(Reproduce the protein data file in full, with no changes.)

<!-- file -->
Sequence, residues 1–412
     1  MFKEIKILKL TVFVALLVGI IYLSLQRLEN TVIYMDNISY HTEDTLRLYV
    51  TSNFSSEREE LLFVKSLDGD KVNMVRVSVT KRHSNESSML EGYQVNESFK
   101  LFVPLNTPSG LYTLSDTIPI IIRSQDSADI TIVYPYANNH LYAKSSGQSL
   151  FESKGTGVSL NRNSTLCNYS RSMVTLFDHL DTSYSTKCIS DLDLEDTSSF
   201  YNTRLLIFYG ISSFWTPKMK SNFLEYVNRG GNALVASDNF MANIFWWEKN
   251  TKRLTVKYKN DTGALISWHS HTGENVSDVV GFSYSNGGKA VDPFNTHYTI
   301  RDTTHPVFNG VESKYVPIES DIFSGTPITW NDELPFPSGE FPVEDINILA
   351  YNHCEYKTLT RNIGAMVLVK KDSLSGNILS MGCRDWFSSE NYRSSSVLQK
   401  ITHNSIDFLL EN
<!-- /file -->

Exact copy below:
Sequence, residues 1–412
     1  MFKEIKILKL TVFVALLVGI IYLSLQRLEN TVIYMDNISY HTEDTLRLYV
    51  TSNFSSEREE LLFVKSLDGD KVNMVRVSVT KRHSNESSML EGYQVNESFK
   101  LFVPLNTPSG LYTLSDTIPI IIRSQDSADI TIVYPYANNH LYAKSSGQSL
   151  FESKGTGVSL NRNSTLCNYS RSMVTLFDHL DTSYSTKCIS DLDLEDTSSF
   201  YNTRLLIFYG ISSFWTPKMK SNFLEYVNRG GNALVASDNF MANIFWWEKN
   251  TKRLTVKYKN DTGALISWHS HTGENVSDVV GFSYSNGGKA VDPFNTHYTI
   301  RDTTHPVFNG VESKYVPIES DIFSGTPITW NDELPFPSGE FPVEDINILA
   351  YNHCEYKTLT RNIGAMVLVK KDSLSGNILS MGCRDWFSSE NYRSSSVLQK
   401  ITHNSIDFLL EN